Today, the works of Vincent Van Gogh regularly sell for tens of millions of dollars at auction. But do you know the price of a Van Gogh painting while he was alive?
Van Gogh sold just one painting in his lifetime. The Red Vineyard, painted in 1888, earned him 400 francs (about $12,000 USD in 2020). That work was bought by Anna Boch, an heiress and fellow artist who assembled one of the most important collections of Impressionist painting in Europe at the time, housed primarily in her Brussels home.
As a collector, Anna Boch was ahead of the curve. Though Van Gogh would die in relative obscurity, she recognized his genius early on, not only purchasing The Red Vineyard but actively promoting his work as well. Broadly, the other paintings Boch chose for her collection also increased in prestige as time passed, now hanging in some of the most prestigious museums in the world, including the Royal Museums of Fine Arts of Belgium, the Musée d’Orsay in Paris, and the Pushkin Museum in Moscow (the current home of The Red Vineyard).
If you are starting or expanding your fine art collection, it’s critical to be able, like Anna Boch, to identify the contemporary artists who are destined to become their generation’s Van Gogh. And to do that, you will need to develop what has been called your “aesthetic quotient” (AQ) — the ability to appreciate and evaluate visual art of all types.
Developing AQ is something anyone can do, even if you don’t have a background in fine art, and even if you don’t have a huge budget. Once you’ve refined your AQ, you can begin to build an excellent collection and separate yourself from those who buy merely for decoration or status-seeking. If you are early in your journey as a collector, here are some ways to get started.
The First Step Is Learning
The first step in collecting art is not buying but learning. Anna Boch developed her AQ by studying directly under some of the most renowned European artists of her time. But it’s not a requirement to learn to create art yourself. Simply visiting museums and galleries in your area, talking to gallerists and fellow collectors, and reading widely about contemporary art will give you the groundwork needed to select pieces for your collection by great up-and-coming artists.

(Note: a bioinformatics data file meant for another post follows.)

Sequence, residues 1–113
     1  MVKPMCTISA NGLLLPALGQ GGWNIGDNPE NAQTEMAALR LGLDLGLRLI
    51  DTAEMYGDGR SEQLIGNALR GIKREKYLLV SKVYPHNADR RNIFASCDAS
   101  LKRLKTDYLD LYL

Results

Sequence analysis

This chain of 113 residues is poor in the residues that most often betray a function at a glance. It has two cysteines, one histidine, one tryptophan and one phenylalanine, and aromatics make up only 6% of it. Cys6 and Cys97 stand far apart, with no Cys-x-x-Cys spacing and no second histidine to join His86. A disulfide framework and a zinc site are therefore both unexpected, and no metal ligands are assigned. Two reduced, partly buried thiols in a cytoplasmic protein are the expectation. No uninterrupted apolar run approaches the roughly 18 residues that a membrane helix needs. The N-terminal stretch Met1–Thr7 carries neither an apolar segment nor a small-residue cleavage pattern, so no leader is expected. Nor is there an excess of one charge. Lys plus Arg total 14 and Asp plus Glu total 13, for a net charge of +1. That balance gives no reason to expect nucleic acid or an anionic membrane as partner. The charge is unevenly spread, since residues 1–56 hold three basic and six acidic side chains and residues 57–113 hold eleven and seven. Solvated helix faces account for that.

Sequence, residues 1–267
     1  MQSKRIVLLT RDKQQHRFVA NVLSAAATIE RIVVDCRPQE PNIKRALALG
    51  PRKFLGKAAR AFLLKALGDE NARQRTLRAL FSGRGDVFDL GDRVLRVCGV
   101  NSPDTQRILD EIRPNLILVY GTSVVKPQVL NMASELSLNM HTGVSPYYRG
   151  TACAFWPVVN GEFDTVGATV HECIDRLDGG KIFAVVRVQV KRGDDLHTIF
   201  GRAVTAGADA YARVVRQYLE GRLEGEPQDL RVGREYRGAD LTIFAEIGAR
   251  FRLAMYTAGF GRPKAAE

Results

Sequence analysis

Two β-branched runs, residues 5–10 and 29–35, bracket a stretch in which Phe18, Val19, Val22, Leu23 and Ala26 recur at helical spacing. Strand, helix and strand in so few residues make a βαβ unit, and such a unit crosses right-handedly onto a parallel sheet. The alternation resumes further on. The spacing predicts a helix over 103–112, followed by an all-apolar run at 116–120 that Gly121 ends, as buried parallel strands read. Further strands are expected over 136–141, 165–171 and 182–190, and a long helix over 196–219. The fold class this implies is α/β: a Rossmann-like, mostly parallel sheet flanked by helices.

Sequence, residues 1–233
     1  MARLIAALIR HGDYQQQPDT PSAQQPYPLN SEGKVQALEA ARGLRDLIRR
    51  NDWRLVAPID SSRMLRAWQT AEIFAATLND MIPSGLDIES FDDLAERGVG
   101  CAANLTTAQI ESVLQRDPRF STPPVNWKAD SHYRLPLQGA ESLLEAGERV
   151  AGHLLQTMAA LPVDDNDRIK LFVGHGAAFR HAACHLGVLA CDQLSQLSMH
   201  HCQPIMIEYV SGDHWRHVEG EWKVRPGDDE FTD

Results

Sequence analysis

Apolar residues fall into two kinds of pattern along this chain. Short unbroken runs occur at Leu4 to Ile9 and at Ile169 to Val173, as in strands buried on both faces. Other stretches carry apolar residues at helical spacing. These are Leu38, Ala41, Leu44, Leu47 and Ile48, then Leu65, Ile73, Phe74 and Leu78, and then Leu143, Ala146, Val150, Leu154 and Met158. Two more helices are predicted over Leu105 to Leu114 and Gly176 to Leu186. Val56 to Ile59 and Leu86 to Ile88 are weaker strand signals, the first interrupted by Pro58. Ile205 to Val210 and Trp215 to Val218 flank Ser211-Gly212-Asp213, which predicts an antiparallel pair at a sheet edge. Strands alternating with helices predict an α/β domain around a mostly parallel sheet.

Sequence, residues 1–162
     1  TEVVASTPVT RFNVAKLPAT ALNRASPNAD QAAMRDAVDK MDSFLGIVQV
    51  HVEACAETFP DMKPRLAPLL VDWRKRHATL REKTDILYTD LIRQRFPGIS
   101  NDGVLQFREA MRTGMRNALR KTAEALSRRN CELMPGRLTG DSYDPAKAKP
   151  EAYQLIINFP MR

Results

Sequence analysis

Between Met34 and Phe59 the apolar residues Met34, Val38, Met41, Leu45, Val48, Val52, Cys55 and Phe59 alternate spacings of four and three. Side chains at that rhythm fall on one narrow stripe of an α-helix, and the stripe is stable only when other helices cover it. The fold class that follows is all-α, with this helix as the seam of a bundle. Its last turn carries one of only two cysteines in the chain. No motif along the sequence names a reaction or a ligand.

Develop Your Vision
Every successful collector, from Paul Mellon to Herbert and Dorothy Vogel, has a unique, cohesive vision for the art they seek out, often rooted in a certain period or style. As you learn more about contemporary art, pay attention to what moves you personally — and what doesn’t. The more art you experience in person, the more you will be able to discern which pieces fit your growing vision of a collection and which emerging artists are making art that fits that vision.
Become a Fan—and Promoter
Contemporary collectors often become artists’ biggest fans. The Vogels, for example, have been known to keep files of articles, reviews, announcements, and letters related to the artists they bought. A collector attempting to create a quality collection should feel comfortable doing similarly, and understand that the investment in fine art goes much further than the buy itself. When attempting to identify a contemporary artist whose work may stand the test of the time, learn about who the artist’s current advocates are. And once you have purchased your first few pieces, be willing to become the artist’s most prominent advocate yourself.
By actively promoting the artists you collect, you can contribute to how future collectors and art appreciators see their work. Van Gogh’s current legacy, for example, is owed to the people who were uniquely passionate about sharing his work. That includes Anna Boch and, most notably, his sister-in-law, Johanna Bonger, who organized exhibitions of his work with prominent art dealers during his life and published his letters after his death. These actions helped propel him to his current level of fame.
Understand Your Role as a Community Standard Bearer
Finally, as you seek out the next great artist for your collection, remember that collecting art isn’t just for you — it ultimately benefits the whole community. The best collectors are on a mission to enrich the lives and develop the AQ of the people around them. One such example is noted art patron and collector Robert Gilmor Jr. of Baltimore (1774–1848), who explicitly stated his aim of encouraging others to appreciate fine art. In a letter, Gilmor said that his collection aimed to stimulate “my countrymen to cultivate a taste for the Fine Arts.” He is one of several collectors of his time who set out with a clear ambition to educate the American masses on fine art.
To have a chance at selecting a piece by your generation’s Vincent Van Gogh, you’ll need to develop your AQ, do your research, and have a strong desire to promote and share the work you bought. When you do that, you will at the very least have a collection you are entirely happy with — and you may even find that you have a painting by the next Van Gogh sitting above your mantelpiece.